I think Kansas just plays a style of basketball that isn't conducive to winning in a tournament environment.
In the NCAA Tournament, you have to be extremely flexible. You have to be able to push the ball in transition against teams that don't play well at a fast pace, and you have to be able to slow the ball down and execute in your half-court sets against teams that don't play well at a slow pace. Bill Self employs a very deliberate half-court offense that Kansas very, very rarely goes away from. On one night, against one team, this can result in a blowout win for Kansas; on the next night, against another team, this can be a recipe for disaster.
More detrimental, I think, is Kansas' style of defense. They play extremely aggressive perimeter defense and run shooters off the three-point line. This is a fine strategy against a team that relies on the three-ball or has multiple snipers. But against a team that has (i) multiple players with plus quickness and court-vision, or (ii) a player who can create out of the low-post, that strategy is going to put you [in the case of (i)] routinely out of position, or [in the case of (ii)] defenseless against interior movement.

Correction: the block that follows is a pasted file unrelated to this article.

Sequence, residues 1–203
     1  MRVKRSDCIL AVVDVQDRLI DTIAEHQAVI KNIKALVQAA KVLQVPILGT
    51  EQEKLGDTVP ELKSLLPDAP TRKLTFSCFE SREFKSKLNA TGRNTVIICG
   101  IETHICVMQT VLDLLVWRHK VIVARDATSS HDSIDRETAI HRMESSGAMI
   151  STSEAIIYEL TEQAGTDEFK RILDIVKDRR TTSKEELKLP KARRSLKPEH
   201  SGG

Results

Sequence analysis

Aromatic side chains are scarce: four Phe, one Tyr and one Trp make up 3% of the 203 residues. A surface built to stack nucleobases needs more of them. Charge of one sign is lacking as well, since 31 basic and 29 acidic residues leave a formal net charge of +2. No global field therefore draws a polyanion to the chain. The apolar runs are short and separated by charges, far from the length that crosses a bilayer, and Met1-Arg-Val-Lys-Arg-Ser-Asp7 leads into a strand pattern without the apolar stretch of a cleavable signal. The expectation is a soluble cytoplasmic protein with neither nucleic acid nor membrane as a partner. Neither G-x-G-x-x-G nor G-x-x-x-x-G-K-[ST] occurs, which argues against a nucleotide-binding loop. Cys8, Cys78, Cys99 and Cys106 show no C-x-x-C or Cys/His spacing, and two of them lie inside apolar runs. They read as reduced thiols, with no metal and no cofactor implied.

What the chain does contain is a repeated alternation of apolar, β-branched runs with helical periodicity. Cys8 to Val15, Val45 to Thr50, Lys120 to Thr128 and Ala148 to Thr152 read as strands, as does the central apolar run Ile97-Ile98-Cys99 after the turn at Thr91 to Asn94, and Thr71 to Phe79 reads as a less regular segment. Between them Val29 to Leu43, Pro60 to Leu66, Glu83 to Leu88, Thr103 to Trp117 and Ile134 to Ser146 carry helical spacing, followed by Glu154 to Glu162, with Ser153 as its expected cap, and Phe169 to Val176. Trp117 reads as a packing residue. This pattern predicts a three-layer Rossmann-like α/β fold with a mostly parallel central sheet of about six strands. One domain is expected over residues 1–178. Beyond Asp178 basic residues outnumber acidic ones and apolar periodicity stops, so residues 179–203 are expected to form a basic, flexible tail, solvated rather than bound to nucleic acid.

To put it more concisely, I think Self's game is far too rigid to succeed consistently in the Tournament. Good Tournament teams are extremely flexible and spend the entire season preparing for March (intentionally or not) by playing against opponents with drastically different floor preferences and proficiencies. Self teams fall apart when they're forced to play out of their comfort zone.
Side point: I don't think this is a critique of Self so much as a description of his coaching style and explanation of his struggles in the Tournament. For the most part, Self does what works. That's why you can expect his teams to hit 30-wins almost annually. But in preparation for Survive-and-Advance season, sometimes it pays off to do what doesn't work, figure out why it doesn't work, and find a solution in the case that you need it to work sometime down the road.